[Richard Frethorne, Letter to his father and mother, 20 March, 2&3 April 1623]
- MASSACHUSETTS BAY COLONY, 1630s. Roger Clapp arrived in New England in May 1630 at age 21, having overcome his father's opposition to his emigration. In his seventies he began his memoir to tell his children of "God's remarkable providences . . . in bringing me to this land." A devout man, he interprets the lack of food for his body as part of God's providing food for the soul, in this case the souls of the Puritans as they created their religious haven. Not only does he document the settlers' privations, he lists the punishments and fates of those who dared to criticize the Puritan leadership in the hard early days of the settlement.
[Memoir of Roger Clapp, written ca. 1680]
||Q&As for Potential Settlers» Reading Guide|
|- ||English: Reasons to plant a colony in New England, ca. 1628|
|- ||French: Advice and replies for emigrants to New France, 1636|
|- ||Dutch: Dialogue on the advantages of New Netherland, 1655|
|- ||English: Opposing views for prospective settlers, 1624/1670|
|- ||Online exhibition: Cultural Readings: Colonization & Print in The Americas, from the University of Pennsylvania Library|
In 1450 the printing press arrived on the scene in Europe, just in time to provide a marketing tool for New World promoters after 1492. Already the top bestsellers were travel and exploration narratives. A 1486 account of the Holy Land went through twelve editions in five languages in twenty years. Columbus's 1493 letter describing his first voyage to the Caribbean went through seventeen editions in just five years. A century later Theodore de Bry began publishing his massive collection of exploration narratives, the Grands Voyages (America) and Petits Voyages (elsewhere), which had more influence, it can be argued, than any other texts on Europeans' vision of the New World (see EXPLORATION: Illustrating the New World II).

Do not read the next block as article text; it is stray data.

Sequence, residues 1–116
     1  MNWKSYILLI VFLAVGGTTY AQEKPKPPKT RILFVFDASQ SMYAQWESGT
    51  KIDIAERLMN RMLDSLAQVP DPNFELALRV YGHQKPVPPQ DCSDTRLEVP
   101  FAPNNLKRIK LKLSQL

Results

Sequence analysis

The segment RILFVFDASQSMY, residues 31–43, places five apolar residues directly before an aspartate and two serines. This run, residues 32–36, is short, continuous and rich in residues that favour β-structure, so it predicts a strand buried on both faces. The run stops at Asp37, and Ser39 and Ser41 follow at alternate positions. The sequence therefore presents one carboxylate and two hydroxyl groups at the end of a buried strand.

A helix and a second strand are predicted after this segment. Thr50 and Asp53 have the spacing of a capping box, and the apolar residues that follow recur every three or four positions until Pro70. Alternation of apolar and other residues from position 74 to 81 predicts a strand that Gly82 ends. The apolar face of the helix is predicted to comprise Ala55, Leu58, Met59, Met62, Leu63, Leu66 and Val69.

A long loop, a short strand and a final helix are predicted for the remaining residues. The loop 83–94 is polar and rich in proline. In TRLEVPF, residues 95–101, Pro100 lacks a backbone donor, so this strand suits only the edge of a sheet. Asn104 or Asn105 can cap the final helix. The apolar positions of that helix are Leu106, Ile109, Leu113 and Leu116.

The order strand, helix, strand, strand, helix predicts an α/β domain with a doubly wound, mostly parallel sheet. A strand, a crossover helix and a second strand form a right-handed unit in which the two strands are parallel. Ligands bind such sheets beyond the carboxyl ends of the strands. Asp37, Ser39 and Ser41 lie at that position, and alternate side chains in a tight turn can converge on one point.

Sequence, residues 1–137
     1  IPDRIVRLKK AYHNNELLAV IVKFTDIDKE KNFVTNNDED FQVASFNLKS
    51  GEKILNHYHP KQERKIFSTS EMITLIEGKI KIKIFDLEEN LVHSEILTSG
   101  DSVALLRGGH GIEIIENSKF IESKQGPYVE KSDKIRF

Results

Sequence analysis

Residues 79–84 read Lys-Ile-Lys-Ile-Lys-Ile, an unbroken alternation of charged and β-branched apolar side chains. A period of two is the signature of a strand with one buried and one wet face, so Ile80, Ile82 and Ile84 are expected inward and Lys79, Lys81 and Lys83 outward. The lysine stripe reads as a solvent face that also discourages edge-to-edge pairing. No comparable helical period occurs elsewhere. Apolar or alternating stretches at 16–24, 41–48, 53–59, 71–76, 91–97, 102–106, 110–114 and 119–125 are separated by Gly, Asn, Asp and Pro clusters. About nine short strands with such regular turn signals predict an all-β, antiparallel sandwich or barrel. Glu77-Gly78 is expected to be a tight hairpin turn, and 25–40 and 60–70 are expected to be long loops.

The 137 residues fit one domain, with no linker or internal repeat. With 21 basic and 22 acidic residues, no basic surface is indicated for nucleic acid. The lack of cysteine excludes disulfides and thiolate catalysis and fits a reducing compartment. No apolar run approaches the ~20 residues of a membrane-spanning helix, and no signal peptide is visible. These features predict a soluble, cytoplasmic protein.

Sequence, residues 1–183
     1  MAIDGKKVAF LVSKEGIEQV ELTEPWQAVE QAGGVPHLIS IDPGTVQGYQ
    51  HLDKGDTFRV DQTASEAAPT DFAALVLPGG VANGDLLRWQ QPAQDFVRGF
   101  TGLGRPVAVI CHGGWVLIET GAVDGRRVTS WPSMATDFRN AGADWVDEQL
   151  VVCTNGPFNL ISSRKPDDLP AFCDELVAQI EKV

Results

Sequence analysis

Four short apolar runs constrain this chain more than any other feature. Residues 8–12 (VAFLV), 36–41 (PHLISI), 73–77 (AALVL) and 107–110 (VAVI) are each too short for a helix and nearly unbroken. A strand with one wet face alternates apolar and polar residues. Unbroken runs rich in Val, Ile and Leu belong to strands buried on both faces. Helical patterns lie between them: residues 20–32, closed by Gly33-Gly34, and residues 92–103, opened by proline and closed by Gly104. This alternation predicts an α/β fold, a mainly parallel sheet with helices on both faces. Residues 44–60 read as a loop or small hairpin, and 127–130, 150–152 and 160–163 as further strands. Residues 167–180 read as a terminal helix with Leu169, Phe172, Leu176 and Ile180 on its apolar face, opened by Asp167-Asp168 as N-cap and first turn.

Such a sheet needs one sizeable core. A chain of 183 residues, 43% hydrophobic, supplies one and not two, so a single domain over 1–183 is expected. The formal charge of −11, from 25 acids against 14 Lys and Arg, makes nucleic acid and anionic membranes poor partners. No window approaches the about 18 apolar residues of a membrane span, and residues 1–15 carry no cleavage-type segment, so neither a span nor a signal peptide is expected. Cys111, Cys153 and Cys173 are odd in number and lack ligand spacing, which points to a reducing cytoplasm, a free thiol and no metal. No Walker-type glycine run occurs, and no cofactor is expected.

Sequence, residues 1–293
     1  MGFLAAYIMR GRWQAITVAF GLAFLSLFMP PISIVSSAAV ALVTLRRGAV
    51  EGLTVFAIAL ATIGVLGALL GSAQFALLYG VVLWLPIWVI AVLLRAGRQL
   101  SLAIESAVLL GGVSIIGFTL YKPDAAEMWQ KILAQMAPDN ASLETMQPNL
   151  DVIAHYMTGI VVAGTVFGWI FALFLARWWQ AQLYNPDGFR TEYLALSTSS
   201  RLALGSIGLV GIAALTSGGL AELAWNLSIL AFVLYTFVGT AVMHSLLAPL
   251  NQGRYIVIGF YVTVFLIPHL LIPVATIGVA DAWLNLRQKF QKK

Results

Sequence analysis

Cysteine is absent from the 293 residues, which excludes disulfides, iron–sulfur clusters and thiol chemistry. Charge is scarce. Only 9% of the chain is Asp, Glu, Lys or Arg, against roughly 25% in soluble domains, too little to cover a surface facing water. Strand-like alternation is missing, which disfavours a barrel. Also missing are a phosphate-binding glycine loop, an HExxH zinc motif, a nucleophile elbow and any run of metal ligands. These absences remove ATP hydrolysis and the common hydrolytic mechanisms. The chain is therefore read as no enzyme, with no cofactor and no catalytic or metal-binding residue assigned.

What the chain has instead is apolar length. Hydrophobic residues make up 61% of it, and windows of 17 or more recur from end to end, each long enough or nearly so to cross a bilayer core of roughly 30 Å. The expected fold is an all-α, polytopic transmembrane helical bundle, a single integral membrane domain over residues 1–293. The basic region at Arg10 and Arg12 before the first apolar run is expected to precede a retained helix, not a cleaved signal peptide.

Here we consider the next phase of New World publicitythe essays, "true relations" and mass-produced pamphlets written to entice Europeans to join the New World venture. Some, like the Hakluyt and Peckham works in Topic 2: EXPLORATION, were directed at financiers and "adventurers." Others, such as the five included here, were aimed at potential settlers. The first three include Q&A-type sections that address specific concerns of potential settlers. The fourth selection pairs the opposing advice offered by English settlers of New England and New-York.
In addition, view the online exhibition of illustrations, title pages, and frontispieces from European publications on the New World entitled Cultural Readings: Colonization and Print in the Americas (especially the section "Promotion and Possession") in order to compare the written and visual components of these promotional works. (23 pages, excluding the website.)
- NEW ENGLAND. John Winthrop, the longtime governor of the Puritan colony at Massachusetts Bay, is the probable author of this widely circulated pamphlet, written just before colony was founded in 1630. In addition to listing nine "reasons to be considered" for founding a new colony, Winthrop rebuts ten frequent objections, four of them theological. His famous justification for taking land "unsubdued" by the Indians is Answer #1 to Objection #1. (Anyway, he adds, there are so few Indians left after the great plague.) Almost 14,000 English Puritans emigrated to New England in the Great Migration of the 1630s.